Making Bank: Wall Streeters Are Earning More Than Ever Before

A Wall Street road sign is pictured near the New York Stock Exchange (NYSE) building on October 16, 2014 in New York. US stocks dropped sharply in early trade Thursday, following international markets downward as anxiety over global growth continued to prompt selling. About 30 minutes into trade, the Dow Jones Industrial Average stood at 16,062.34, down 79.40 points (0.49 percent). AFP PHOTO/Jewel Samad        (Photo credit should read JEWEL SAMAD/AFP/Getty Images)

If you work on Wall Street, you’re pulling in bigger bucks than ever before.

Wall Street pay set a new record last year, according to a report out Tuesday from the New York State Comptroller’s office, with the average salary (including bonuses) rising 14% to $404,800.

This is the first time since 2007 that the average pay on Wall Street has exceeded $400,000 and is the third-highest annual pay on the books when you adjust for inflation.

The rise in pay has been propelled by larger bonuses, which rose 2% to $172,900 last year. The only times that workers collected bigger bonuses were in the two years leading up to the financial crisis.

As New York City dwellers are well-aware, someone with a job on Wall Street is making a lot more money than their neighbors. Here’s just how much: Average salaries on Wall Street were almost six times higher than the average salary of $72,300 at other NYC private-sector companies last year. The pace of wage growth on Wall Street has far outstripped other industries in the last 30 years, too. In 1981, Wall Street workers were making just twice as much as the average employee in the city’s private sector.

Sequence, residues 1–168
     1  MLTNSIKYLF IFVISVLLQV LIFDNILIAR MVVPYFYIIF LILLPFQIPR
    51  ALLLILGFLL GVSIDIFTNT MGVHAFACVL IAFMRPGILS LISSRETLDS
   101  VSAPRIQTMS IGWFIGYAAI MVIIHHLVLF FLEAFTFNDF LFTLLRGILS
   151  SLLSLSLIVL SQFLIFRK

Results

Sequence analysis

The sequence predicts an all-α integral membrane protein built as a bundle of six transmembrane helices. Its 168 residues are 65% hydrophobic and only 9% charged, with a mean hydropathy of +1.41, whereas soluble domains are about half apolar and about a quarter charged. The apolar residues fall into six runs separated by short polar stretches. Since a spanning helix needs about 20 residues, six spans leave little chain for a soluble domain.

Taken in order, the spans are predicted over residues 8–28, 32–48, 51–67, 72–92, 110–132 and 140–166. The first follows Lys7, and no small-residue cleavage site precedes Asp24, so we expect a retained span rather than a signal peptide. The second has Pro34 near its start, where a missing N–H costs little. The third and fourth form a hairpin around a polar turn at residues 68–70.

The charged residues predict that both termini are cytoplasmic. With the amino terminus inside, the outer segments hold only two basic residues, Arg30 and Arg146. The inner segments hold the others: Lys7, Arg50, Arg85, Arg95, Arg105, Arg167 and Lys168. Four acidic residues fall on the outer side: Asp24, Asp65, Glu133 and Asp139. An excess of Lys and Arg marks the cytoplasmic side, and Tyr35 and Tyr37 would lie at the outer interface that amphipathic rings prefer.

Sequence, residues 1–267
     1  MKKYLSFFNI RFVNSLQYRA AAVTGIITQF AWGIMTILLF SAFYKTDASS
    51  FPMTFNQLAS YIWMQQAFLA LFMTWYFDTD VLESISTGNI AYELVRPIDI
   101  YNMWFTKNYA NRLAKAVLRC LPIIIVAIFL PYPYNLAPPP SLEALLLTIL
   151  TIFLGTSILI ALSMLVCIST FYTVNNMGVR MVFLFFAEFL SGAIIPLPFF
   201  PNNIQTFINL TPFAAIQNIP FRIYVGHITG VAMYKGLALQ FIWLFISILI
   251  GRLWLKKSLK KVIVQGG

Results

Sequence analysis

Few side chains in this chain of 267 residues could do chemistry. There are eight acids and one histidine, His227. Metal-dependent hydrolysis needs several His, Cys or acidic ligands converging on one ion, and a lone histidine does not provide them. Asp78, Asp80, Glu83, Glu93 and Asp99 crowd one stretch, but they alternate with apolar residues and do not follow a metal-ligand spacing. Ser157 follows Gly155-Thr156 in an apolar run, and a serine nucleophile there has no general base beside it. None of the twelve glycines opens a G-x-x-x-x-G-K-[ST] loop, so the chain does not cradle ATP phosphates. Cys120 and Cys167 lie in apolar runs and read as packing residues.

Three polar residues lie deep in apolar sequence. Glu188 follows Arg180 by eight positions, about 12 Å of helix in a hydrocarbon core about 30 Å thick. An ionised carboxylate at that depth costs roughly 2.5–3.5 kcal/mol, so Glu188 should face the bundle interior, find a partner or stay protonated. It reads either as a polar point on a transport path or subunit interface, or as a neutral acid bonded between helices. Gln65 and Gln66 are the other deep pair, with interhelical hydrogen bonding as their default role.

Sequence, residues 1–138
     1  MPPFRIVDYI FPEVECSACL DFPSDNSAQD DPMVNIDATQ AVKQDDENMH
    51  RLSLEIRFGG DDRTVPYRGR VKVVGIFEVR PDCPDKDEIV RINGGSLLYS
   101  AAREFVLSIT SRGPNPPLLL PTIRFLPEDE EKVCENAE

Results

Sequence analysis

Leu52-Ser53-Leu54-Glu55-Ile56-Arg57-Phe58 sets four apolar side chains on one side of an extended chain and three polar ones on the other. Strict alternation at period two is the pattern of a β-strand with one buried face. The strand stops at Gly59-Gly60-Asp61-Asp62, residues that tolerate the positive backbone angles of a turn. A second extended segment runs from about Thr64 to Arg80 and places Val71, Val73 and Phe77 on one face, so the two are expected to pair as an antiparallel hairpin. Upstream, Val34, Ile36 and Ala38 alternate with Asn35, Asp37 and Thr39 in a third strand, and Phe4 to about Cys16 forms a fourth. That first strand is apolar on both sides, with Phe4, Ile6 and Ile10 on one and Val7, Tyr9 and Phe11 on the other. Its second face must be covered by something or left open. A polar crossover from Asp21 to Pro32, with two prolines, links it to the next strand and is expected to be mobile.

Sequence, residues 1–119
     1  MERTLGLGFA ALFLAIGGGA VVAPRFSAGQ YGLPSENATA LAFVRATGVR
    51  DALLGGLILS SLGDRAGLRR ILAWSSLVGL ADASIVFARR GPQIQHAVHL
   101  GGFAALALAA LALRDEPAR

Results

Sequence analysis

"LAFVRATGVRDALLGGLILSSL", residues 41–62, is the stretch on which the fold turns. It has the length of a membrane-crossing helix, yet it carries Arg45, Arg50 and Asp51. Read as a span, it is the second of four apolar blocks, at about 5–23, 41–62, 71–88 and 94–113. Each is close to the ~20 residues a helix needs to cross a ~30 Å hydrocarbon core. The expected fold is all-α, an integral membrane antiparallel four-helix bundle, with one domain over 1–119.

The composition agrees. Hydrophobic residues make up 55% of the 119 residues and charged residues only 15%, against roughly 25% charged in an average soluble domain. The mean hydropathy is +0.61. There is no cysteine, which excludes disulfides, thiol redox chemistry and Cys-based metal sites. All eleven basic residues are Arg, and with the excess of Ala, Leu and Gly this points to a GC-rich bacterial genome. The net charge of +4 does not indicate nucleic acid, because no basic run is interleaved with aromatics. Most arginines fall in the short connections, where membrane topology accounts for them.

There’s a disproportionate number of high-earners in finance, which helps bolster the numbers. Some 23% of Wall Street workers pulled in more than a quarter million dollars in 2013, the latest year in which there is data available, while less than 3% of the city’s other workers can say the same.

While Wall Street is still 9% smaller than before the recession and the industry has undergone years of downsizing, the number of people being hired is finally growing. In fact, Wall Street added 2,300 jobs in 2014, which was the first year of gains since 2011.

Still, recent financial turmoil could potentially derail that. “After a very strong first half of the year, the securities industry faces volatile financial markets and an unsteady global economy,” said New York State Comptroller Thomas P. DiNapoli in a statement. “After years of downsizing, the industry has been adding jobs in New York City, but it may curtail hiring to bolster profits.”

The city depends on Wall Street not only to pad its tax coffers, but to generate jobs and support the local economy.

Lauren Gensler

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